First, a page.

It’s good to feel a little bit hungry at the start of the meal – you’ll enjoy the flavours more. But if you find yourself feeling ‘hangry’ or continuously grazing between meals then something’s awry. So how do you turn off those hunger signals? The answer could lie with your hormones.
Think ‘hormones’ and it’s likely that oestrogen, progesterone and testosterone spring to mind and their role in puberty, libido and menopause. These are the sex hormones but in fact our bodies produce over 50 others that play a critical role in our health and how we function day in day out. Two of those are ghrelin and leptin, which are involved in appetite regulation and energy balance.
Hunger vs. satiety
Ghrelin – often referred to as the “hunger hormone” – is secreted by cells in the stomach when the stomach is empty and it signals to the hypothalamus in the brain that it is time to eat. Small amounts are also released by the pancreas and the small intestine. The more ghrelin in the bloodstream, the greater the hunger signals and likely, the more food you eat. After food, ghrelin levels decrease and they don’t rise again until your body starts looking for more energy. At the same time leptin – the satiety hormone – is released to signal to your brain when you’re full.
So if you’re trying to lose weight you might be wondering how you can keep your ghrelin levels low and your leptin levels high, right? Our hormones are made for a reason - they have a specific job to do in the body. If we weren’t ever hungry, how would we know when we’re low on nourishment? Would we even take any joy from the food we eat?
It’s all about balance
The problems arise when our hormones become out of balance or our body stops responding to them. And our diet and lifestyle choices have a significant impact on this.
That doesn’t mean jumping to calorie restriction. Naturally, this will increase your ghrelin levels, potentially lead to overeating and storage of fat. Interestingly, research has shown lower fasting levels of ghrelin in individuals who are overweight, obese or morbidly obese, suggesting that over time, overeating can decrease sensitivity to the hormone, meaning we lose this essential control mechanism. This is also true of leptin. People with obesity can become leptin ‘resistant’ and their brain does not receive the message that they are full and to stop eating.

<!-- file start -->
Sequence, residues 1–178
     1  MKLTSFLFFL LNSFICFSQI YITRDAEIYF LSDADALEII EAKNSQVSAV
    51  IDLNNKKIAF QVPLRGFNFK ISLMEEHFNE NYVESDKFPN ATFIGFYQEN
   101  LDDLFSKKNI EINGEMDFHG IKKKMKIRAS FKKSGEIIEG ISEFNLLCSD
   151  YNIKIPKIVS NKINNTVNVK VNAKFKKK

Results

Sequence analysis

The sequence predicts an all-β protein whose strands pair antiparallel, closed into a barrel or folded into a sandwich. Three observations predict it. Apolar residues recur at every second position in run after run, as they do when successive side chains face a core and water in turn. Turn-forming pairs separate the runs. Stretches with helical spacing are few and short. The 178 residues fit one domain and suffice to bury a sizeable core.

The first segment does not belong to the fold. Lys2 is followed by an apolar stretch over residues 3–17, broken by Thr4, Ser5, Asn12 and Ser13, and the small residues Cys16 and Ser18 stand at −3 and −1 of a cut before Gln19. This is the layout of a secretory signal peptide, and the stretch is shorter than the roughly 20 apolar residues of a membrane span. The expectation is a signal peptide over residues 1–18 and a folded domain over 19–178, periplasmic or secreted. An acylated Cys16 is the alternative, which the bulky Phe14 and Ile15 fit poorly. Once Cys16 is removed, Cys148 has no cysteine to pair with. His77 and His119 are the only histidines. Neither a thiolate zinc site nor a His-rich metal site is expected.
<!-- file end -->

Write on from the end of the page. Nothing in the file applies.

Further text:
So the key to controlling your hunger hormones? It’s all about balance.
Follow these tips to help keep your hormones in check and reduce those cravings:
Eat a diet rich in fibre from fruit and vegetables, legumes and wholegrains
Fibre slows down your digestion while also keeping your gut bacteria diverse and healthy. Foods high in fibre also tend to be lower in calories and more nutrient dense meaning you get a better bang for your buck when it comes to calorie intake.
Limit your intake of high GI carbohydrates and processed foods high in sugar and artificial sweeteners
Refined and processed foods are high in calories and saturated fat and low in nutrients. As well as spiking your blood sugar for a short period, sending your hunger and energy levels on a rollercoaster, they trigger the release of dopamine, the neurotransmitter associated with reward. We start to associate that short-lived high with those sugary, baked, processed treats, as opposed to the feeling of being nourished and satiated.
Eat protein with every meal
Incorporating a portion of lean or plant protein into each meal (eggs, oily fish, organic chicken or turkey, tofu, beans and pulses) will slow gastric emptying, keeping you feeling fuller for longer. It will also blunt the insulin spike you get from eating a carbohydrate-based meal, preventing the sugar cravings that inevitably follow that initial sugar high.
Manage your stress
Studies in animals have shown that exposure to chronic stress increases circulating ghrelin and growth hormone levels (Massachusettes Institute of Technology, 2013). It also interacts with the brain’s reward pathways to increase food intake, creating a vicious cycle where we begin to see food as a comfort during times of stress and anxiety. Incorporate yoga, meditation or mindful breathing into your daily routine, get out for a walk or run in nature, or find something that works for you to allow you to live (and eat) more mindfully.
Sleep deprivation has been associated with an increase in ghrelin levels and a decrease in leptin levels, which leads to increased appetite and hunger when compared to sleeping for longer periods. Aim for 7-9 hours per night and practice good sleep hygiene by limiting screen time, avoiding heavy meals and alcohol before bed and try to stick to regular sleep and waking up times to regulate the circadian rhythm.
Research in recent years has indicated a link between High Intensity Interval Training (HIIT), reduced ghrelin and increased leptin levels. Incorporate some high intensity exercise to your lifestyle each week – circuits, sprints, cycling. Get out and get a sweat on!
If you’re looking for support with weight management, incorporating these diet and lifestyle changes is a great place to start. It’s important to remember however, that ghrelin and leptin are only two of many interrelated factors which could be impacting on your health and wellbeing.